Jeffrey Colvin’s assured and captivating novel, Africaville, weaves a rich narrative tapestry from the colorful threads of multiple generations in one family. The title is inspired by Africaville, a real settlement in Halifax, Nova Scotia, whose black population—largely the descendants of slaves from the American South and the Caribbean– carved out a community against the harsh maritime landscape and against bigotry and racism. In telling this story, Colvin hopes to highlight the many “lost” free black communities throughout North America that have faded from history books and memory.
Like such modern classics as The Known World and The Twelve Tribes of Hattie, Africaville is epic in scale, yet intimate in the telling–rich with complex though imperfect characters, a universe tale of one family’s defiant struggle of survival and advancement. With lyrical prose and robust storytelling, this arresting novel introduces an exciting and daring new literary voice.
Jeffrey Colvin served in the Marine Corps and worked as congressional aide and nonprofit manager before embarking on a writing career. His reviews, essays and short fiction reflecting his interest in history have been published in literary magazines and other venues. He graduated from the US Naval Academy, Harvard University and Columbia University from which he received an MFA in fiction. He is a member of the National Book Critics Circle and an assistant editor at Narrative magazine.
The Affairs of the Falcóns is a beautiful, deeply urgent novel about the lengths one woman is willing to go to build a new life, and a vivid rendering of the American immigrant experience.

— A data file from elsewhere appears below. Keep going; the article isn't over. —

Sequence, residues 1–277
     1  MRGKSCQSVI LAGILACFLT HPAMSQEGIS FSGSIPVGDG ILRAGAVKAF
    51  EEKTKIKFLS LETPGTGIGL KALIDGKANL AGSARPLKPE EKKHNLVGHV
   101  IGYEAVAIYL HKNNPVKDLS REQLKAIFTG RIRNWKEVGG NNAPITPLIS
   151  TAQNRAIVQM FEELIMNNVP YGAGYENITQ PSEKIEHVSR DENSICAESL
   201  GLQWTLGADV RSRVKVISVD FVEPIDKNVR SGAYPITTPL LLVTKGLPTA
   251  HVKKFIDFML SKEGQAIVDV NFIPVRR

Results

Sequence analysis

Ana Falcón, along with her husband Lucho and their two young children, has fled the economic and political strife of Peru for a chance at a new life in New York City in the 1990s. Being undocumented, however, has significantly curtailed the family’s opportunities: Ana is indebted to a loan shark who calls herself Mama, and is stretched thin by unceasing shifts at her factory job. To make matters worse, Ana must also battle both criticism from Lucho’s cousin—who has made it obvious the family is not welcome to stay in her spare room for much longer—and escalating and unwanted attention from Mama’s husband.
As the pressure builds, Ana becomes increasingly desperate. While Lucho dreams of returning to Peru, Ana is deeply haunted by the demons she left behind and determined to persevere in this new country. But how many sacrifices is she willing to make before admitting defeat and returning to Peru? And what lines is she willing to cross in order to protect her family?
Melissa Rivero was born in Lima, Peru, and raised in Brooklyn. Undocumented for most of her childhood, Rivero became a US citizen in her early twenties. Her writing has taken her to the VONA/Voices Workshops, Bread Loaf, and the Norman Mailer Writers Colony. In 2015, Melissa was an Emerging Writers Fellow at the Center for Fiction. She is a graduate of NYU and Brooklyn Law School, and currently works on the legal team of a startup. She still lives in Brooklyn, with her husband, two sons, and their rescue dog.